Ah, yes.  I was just a young lad back then and didn’t know the first thing about advertising.  Luckily my awesome Words department buddies took me under their collective wing and showed me how it’s done, Brokaw style.

From Top: Mark, Trish, and Aaron.

They gave me a workstation and daily production quota of 2,000 words.  Each day I work hard to come up with new and exciting words to use in advertising – words like “crustastache”, “obligathon” and “lipofunction” – words that really encompass what our clients are trying to sell.

These words then pass through quality control where they’re examined on a 16-point quality scale before heading down to assembly.

Our words assembly line.

At Brokaw, we refer to assembled strings of words as “sentences” for some reason.  These “sentences” go next to the art department, where our craftspeople laboriously match “sentences” to relevant images.  When everything gets matched up and ready to go, our Creative Director Steve will give us the go-ahead or no-go-ahead to proceed.

Our patient boss.

If approved, our finished advertisements will then get loaded by barge or by train and sent across the world.  Fancy that!

Brokaw Outbound Terminal #5

This job sure isn’t easy, but it certainly has its rewards.  When I see a family sitting down at the dinner table together, enjoying an advertisement I helped make, I can’t help but smile knowing that I had a hand in their shared joy.

Satisfied Brokaw customers.

That’s a satisfaction you can’t buy with money.

Intern Evan back again, reporting on yet another week of  Bromazingness!

This week I awoke at the crack of 2:30am to head down to Business Traveler Appreciation Day at Cleveland Hopkins International Airport.  We interns passed out coffee, newspapers, and smiles to the loyal jet-setters who roam the terminals of CLE.

To lift spirits in the early morning, I did my patented “5am jig”.

It wasn’t appreciated nearly as much as the coffee.  Ingrates.

But once the sun came up and the travelers came out, things really started to roll.  Did you know that I ran into Lil’ John in Terminal C?!?

Little John and I.

Wait, wrong one.

Little John and I.

One more try here:

Little John and I.

Well, I got the Little John part right.

Actually, for the record, it’s Lil’ John.  He’s one half (by quantity; one third by height) of “Big Chuck and Lil’ John”, a late-night comedy duo from Cleveland.  When I was younger I’d stay up way too late and stumble across their program.  Then I’d become too frightened to go to sleep at all.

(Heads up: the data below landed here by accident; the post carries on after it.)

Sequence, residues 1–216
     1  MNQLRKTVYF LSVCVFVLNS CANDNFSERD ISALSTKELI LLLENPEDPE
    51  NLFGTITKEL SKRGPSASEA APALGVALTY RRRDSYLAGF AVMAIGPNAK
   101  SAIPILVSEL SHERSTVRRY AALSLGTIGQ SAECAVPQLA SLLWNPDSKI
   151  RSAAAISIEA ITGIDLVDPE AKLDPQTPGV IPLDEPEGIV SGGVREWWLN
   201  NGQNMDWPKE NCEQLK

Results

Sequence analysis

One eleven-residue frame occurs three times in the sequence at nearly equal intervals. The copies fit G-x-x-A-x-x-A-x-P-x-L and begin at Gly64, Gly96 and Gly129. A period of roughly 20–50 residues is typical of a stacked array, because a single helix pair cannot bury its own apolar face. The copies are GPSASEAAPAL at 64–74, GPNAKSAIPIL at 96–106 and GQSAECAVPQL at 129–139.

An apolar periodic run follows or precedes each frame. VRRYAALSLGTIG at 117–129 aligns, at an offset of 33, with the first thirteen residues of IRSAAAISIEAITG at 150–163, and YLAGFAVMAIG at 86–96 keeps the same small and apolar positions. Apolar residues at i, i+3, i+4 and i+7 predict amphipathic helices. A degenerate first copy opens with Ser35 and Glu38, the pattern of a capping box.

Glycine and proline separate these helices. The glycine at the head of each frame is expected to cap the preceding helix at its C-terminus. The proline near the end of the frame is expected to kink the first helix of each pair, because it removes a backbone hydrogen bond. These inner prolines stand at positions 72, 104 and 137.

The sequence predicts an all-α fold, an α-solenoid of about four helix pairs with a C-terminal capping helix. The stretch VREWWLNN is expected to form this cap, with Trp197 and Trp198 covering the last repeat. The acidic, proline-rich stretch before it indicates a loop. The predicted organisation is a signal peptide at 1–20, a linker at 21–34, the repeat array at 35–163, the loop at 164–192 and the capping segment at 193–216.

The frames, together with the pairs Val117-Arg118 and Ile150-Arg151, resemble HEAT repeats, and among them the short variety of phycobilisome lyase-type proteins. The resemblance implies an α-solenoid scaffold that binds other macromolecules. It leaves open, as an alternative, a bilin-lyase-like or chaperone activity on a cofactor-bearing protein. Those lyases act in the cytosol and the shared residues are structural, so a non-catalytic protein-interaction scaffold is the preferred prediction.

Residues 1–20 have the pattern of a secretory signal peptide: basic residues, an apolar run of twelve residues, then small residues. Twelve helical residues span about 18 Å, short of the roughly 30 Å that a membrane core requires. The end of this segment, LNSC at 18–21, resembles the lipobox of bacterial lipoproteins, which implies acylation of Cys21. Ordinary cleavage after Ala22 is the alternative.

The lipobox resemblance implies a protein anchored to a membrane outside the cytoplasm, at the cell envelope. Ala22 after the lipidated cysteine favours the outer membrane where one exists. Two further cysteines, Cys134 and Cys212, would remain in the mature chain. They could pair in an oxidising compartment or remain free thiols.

Just listen to that creepy laughter…

FACT: Lil’ John has made about 42,000 times more money from his TV repair business than with his on-screen TV business, especially with the way the Browns have played lately the past 17 years.

QUESTION OF THE WEEK:
“What would your theme song be?”

Good question, week.  I’d say my theme song is “Heaven Can Wait” by Charlotte Gainsbourg and Beck.  Not because of anything specifically stated in the song itself, but rather because the video so closely resembles my own life.

It’s uncanny.

Word up!

Life in the words department has been pretty swell so far.  For somebody who wants to write copy for a living, I’ve certainly gotten a lot of practice.  It’s only week 3 of the internship, but I’ve already written for:

Direct mail,
Print,
Billboards,
Surfboards,
T-Shirts,
Online, and
Naked Mole Rats (NSFW)

Of course there are the requisite intern tasks to perform, too.  These include:

Keeping the Brokaw fridge stocked,

warding off truncheon-wielding miscreants from the vicinity of our sacred Brokawffice,

and securing a landing spot for Bill Brokaw’s Bro-kawpter.

You’ll hear more from me next week.  That’s not a threat, it’s a promise.

Yours sincerely,

BONUS QUESTION!
“What’s your spirit animal?”

Good question, Bonus.  I’d have to say my spirit animal is the lobster.  It influences everything from the clothes I wear

to the movies I see.

Hot Tail Inside!

I’ve also spent a lot of time up in Maine, living there on occasion.  But the more I read about those cuddly crustaceans, the more impressed I get.  Did you know that, theoretically, lobsters can live forever?  Now that’s a special power.

My spirit animal runner-up is Gumby.

Freshly-minted copywriting intern Evan T. here, reporting for duty.  Since this is my first posting as a Brokawvite, I figured I’d introduce myself:

This is me by day.

By night, though, I look more like this.

I am a graduate student at the University of Texas at Austin, home of legendary advertising executive Jon Hamm.  At UT I study advertising, with a focus on copywriting.  And hey!  Whaddya know: Brokaw put me in their Words Department!

So far my favorite intern chore has been flagpole duty.  I have the honor of ascending to the top of Brokaw Tower, climbing the loose scaffolding and hoisting Old Glory on a daily basis.  Those Lake Erie winds really whip up at fifteen stories high, but I’ve managed to keep from falling most times.

I was drawn to Brokaw a few years back when they posted their moustache contest results on their webpage.  I even showed up to an interview en moustache, which the Brokaw brothers have graciously forgiven.  Lesson learned: nobody at Brokaw rocks the ‘stache anymore.

This week I also learned that Brokaw has a strict zero-tolerance policy on Myspace pictures.

You’ll hear plenty more from me in the coming weeks.  Sorry in advance.